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Restoring and Re-purposing Our Built Heritage Offers the Most Sustainable Option for Housing in Ireland

Posted 01/09/2021

There has been some debate in Ireland recently about whether the Protected Structure register is fit for purpose at a time where additional housing, particularly in and around cities, is required.

One perspective is that the current system, where buildings are either on or off the Record of Protected Structures (RPS), is too simplistic and is already failing to protect Ireland’s built heritage while at the same time prevents other buildings from being restored and converted into housing. There is debate about whether a more nuanced approach, perhaps reflecting the UK graded listed system, with buildings categorised by historic significance, might offer better protection and more opportunity for sustainable housing.

Former Dublin city councillor, Patrick Costello, commenting in an article in the Journal last month said that “There is a need for denser cities…It’s not as simple as the RPS gets in the way but a more subtle thing: the UK has a grading system and [certain buildings on it (Grade I and Grade II*)] need to be preserved exactly as they were. A lot of our 20th-century buildings don’t need to be preserved to that extent. Perhaps they could undergo modernisation, allow changes internally while keeping the outside. That would be an appropriate approach for some structures but not others.”

In the same article Graham Hickey, a conservation officer in Dublin, disagreed with the suggestion that the RPS needs an overhaul and believes that pressure for change was an attempt to de-regulate:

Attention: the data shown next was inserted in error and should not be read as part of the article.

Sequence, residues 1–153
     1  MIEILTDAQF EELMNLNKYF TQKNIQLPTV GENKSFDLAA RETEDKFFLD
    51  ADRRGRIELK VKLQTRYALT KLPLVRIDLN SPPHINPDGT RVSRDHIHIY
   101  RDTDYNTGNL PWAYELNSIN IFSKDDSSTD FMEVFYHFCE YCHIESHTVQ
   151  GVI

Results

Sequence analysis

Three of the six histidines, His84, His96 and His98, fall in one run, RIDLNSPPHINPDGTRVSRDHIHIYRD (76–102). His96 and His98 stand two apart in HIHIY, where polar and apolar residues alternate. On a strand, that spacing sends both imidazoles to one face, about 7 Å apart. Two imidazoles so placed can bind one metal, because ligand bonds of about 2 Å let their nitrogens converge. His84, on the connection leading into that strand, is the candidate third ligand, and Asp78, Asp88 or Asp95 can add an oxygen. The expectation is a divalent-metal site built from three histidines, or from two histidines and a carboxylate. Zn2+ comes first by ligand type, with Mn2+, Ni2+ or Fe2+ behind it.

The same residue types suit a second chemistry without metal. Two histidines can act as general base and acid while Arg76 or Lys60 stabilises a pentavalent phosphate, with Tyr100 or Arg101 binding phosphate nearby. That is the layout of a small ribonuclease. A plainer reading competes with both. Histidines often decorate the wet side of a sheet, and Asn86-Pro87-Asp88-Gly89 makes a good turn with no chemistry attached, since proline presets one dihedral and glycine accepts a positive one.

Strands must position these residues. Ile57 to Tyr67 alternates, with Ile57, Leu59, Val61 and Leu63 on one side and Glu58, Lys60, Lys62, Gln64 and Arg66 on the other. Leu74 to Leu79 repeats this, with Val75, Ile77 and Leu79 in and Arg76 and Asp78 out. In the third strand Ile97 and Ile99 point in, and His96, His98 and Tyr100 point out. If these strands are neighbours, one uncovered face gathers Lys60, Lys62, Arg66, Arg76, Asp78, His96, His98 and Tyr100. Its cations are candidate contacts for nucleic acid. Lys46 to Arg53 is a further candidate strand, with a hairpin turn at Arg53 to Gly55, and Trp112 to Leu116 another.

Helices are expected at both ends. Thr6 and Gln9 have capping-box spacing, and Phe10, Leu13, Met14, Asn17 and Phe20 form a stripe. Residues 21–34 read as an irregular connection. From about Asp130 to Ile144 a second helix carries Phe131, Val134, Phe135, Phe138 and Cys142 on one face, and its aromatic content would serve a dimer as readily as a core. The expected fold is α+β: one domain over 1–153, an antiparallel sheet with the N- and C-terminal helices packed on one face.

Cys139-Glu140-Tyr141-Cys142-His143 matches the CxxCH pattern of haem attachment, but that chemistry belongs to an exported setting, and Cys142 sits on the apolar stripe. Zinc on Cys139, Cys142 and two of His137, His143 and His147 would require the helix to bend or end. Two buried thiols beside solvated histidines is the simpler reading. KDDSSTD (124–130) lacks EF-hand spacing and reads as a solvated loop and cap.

The British system…is completely different. Ireland’s buildings are much more homogenous. If we bring in a grading system it needs a huge amount of resources in the local authorities to manage it. But also we know the main intention of it would be to strike thousands of buildings off our protected structure list…very often it’s perceived that the RPS means you can’t put a nail in a wall  – it couldn’t be farther from the truth.’ In fact, Mr Hickey argues that the RPS system “is more flexible than the British system.

Where buildings are on the RPS there are undoubtedly a minority of Protected Structure owners who are scared about starting a planning application because they worry they won’t get permission, and this means instead that some carry out unauthorised work with the potential of losing valuable heritage features. There are also examples of Protected Structure Buildings which have been allowed to fall into decay and are now uninhabitable because owners think restoration is unaffordable. Potential buyers can also be frightened of taking on Protected Structures because they don’t think they will be allowed to make alterations to make them fit for purpose in the twenty-first century.

In reality, as Mr Hickey indicates, most planning authorities in Ireland are keen to facilitate the sensitive restoration of Ireland’s built heritage. Where a restored building leads to the provision of a comfortable inhabitable home it is a much more environmentally sustainable housing solution than a new build.

Frank O’Connor and partner Jude Sherry are passionate exponents of heritage buildings, particularly in Cork where their company is based. Together they have started keeping their own record of derelict historic buildings in the city.

O’Connor has wisely pointed out that “the most sustainable [building] is an existing one ”. He also believes that derelict buildings can have an important impact on the moral within our cities and towns and in turn their economic buoyancy “if you are surrounded by derelict and decaying heritage, it affects people’s mental health.” John Hegarty an architect based in Cork who also believes in the value of restoring Ireland’s built heritage says,We can care for our historic environment and embrace technology and progress while also feeding our creative souls..(to) come up with the ideas that make us a vibrant economy.’

 


 

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